NEUROPSYCHOLOGICAL PERFORMANCE IN CHILDHOOD OCD: A PRELIMINARY STUDY


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Abstract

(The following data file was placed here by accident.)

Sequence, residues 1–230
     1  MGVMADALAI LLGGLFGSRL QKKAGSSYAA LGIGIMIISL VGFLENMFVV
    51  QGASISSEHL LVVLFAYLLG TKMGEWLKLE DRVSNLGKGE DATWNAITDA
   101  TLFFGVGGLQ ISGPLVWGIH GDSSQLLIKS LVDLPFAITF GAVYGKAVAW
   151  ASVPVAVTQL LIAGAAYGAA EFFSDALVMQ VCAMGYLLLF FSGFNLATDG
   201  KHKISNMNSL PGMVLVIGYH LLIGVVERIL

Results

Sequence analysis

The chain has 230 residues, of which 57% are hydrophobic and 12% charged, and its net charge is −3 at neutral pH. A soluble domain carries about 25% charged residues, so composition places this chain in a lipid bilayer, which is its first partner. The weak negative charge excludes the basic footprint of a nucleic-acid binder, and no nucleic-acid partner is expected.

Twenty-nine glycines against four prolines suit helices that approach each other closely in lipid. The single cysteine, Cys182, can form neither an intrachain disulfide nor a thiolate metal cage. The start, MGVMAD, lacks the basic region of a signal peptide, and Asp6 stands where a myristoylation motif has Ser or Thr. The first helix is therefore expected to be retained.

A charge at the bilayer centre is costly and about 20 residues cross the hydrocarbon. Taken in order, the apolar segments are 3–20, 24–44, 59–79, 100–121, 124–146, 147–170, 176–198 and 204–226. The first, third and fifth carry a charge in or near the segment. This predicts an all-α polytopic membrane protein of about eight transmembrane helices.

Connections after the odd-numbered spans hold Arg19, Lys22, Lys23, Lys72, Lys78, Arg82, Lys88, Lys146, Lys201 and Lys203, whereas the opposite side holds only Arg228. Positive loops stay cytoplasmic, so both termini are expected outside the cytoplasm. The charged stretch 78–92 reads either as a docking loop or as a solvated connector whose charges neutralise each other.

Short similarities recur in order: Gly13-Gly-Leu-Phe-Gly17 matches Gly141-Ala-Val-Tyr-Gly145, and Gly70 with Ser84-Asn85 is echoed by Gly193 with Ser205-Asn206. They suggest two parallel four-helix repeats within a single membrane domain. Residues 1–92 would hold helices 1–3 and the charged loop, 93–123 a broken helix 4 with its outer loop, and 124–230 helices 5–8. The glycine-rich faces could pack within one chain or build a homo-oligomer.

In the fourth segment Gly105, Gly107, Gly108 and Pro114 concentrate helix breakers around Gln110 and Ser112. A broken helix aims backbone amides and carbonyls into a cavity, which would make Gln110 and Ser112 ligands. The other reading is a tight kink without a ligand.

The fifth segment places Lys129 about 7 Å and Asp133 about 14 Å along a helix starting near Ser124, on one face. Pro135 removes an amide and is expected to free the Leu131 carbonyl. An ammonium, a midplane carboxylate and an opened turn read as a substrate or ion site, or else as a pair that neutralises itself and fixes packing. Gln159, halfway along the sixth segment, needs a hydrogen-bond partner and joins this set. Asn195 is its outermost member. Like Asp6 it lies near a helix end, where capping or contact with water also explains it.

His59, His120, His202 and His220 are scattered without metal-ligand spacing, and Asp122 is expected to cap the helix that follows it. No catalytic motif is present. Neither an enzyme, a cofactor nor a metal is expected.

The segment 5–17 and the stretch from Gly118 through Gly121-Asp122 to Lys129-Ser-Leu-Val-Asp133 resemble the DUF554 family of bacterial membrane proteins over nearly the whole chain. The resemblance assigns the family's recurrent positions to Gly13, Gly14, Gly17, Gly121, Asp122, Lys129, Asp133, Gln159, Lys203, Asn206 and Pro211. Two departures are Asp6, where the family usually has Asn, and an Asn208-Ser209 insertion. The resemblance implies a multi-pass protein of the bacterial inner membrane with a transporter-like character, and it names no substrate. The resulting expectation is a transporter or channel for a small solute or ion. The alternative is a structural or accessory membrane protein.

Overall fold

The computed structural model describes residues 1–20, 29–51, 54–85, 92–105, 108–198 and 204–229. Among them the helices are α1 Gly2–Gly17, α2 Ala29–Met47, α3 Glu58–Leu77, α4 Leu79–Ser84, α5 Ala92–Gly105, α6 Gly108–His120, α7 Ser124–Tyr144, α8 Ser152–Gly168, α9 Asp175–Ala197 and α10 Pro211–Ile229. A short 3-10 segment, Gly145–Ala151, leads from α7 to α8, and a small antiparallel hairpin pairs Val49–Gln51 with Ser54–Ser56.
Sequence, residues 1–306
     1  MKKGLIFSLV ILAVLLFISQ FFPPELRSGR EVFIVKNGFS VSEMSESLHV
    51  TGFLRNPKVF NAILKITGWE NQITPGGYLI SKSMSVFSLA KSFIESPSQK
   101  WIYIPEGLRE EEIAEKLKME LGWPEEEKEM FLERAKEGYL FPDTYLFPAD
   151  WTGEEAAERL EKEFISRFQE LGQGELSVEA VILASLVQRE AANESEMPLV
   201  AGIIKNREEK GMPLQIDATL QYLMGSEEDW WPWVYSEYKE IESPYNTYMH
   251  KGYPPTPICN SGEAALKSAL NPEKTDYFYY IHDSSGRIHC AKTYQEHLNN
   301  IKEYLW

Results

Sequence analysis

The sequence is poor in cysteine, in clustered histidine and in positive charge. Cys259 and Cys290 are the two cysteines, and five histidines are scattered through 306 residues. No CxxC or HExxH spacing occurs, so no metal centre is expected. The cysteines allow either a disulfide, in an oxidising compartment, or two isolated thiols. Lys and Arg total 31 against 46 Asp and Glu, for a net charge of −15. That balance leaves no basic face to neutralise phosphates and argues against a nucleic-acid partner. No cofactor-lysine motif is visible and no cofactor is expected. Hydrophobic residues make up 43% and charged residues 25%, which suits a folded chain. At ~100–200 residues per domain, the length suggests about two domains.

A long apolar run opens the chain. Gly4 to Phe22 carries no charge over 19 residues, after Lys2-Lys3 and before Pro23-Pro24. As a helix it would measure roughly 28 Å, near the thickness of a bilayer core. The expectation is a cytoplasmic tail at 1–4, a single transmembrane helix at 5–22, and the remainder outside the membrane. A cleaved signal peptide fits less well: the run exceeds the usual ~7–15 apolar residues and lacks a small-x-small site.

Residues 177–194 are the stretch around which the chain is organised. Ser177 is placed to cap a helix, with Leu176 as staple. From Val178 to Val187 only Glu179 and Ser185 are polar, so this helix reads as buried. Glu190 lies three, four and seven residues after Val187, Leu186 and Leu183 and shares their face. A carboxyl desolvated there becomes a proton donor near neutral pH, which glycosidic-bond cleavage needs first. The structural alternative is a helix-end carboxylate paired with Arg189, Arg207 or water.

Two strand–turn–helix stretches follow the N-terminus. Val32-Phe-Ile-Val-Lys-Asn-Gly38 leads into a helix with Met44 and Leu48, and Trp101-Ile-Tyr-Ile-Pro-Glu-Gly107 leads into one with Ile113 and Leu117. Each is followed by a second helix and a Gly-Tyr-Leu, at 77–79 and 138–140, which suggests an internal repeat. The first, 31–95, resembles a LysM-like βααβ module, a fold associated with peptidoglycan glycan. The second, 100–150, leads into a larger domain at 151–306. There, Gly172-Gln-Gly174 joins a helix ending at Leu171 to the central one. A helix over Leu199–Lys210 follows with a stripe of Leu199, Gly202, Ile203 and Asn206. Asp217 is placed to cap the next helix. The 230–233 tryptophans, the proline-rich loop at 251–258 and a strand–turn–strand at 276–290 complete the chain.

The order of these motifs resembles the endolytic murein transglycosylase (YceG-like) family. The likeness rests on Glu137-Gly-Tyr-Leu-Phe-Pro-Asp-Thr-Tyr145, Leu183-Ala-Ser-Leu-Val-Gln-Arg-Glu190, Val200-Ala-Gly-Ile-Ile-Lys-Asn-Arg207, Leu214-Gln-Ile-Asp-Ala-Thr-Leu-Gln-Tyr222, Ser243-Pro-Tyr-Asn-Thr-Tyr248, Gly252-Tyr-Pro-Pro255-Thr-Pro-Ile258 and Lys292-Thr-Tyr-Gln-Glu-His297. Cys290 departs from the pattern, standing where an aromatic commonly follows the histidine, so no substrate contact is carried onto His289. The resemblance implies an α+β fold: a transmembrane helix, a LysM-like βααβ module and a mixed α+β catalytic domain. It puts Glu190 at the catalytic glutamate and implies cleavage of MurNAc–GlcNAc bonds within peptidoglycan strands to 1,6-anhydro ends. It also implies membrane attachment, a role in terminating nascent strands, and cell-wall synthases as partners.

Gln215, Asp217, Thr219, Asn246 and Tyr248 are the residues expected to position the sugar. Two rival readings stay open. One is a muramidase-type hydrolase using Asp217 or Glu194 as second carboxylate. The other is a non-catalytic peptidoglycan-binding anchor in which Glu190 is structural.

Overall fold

Background:Neuropsychological deficits have often been found in studies of adults with obsessive compulsive disorder (OCD). However, few studies have examined such impairment in children with OCD and of those studies published, the results are mixed.Methods:In the present study, 14 OCD children were compared to 24 healthy developing children of similar age and intellectual ability on a series of neuropsychological tests that assess response inhibition, abstract reasoning and problem solving, planning ability, verbal and nonverbal fluency, working memory, attention and information processing speed, and visual and verbal memory and learning.Results:No significant differences emerged between the children with OCD and healthy controls for working memory, verbal fluency, attention, information processing speed, concept formation/abstraction, and response inhibition. We observed some deficits and a trend toward performance differences between the groups for psychomotor speed and attention, cognitive flexibility, nonverbal fluency, planning ability, and verbal memory and learning. Results are partially consistent with those found in adults with OCD. Findings were not related to depressive symptoms or self-report feeling of anxiety.Conclusions:This preliminary survey indicates that OCD children may have deficits for cognitive flexibility and planning ability and differ from adults with OCD in not presenting with poor response inhibition or memory deficits. Larger, multi-site studies are warranted to help delineate the neurocognitive deficits associated with childhood OCD.

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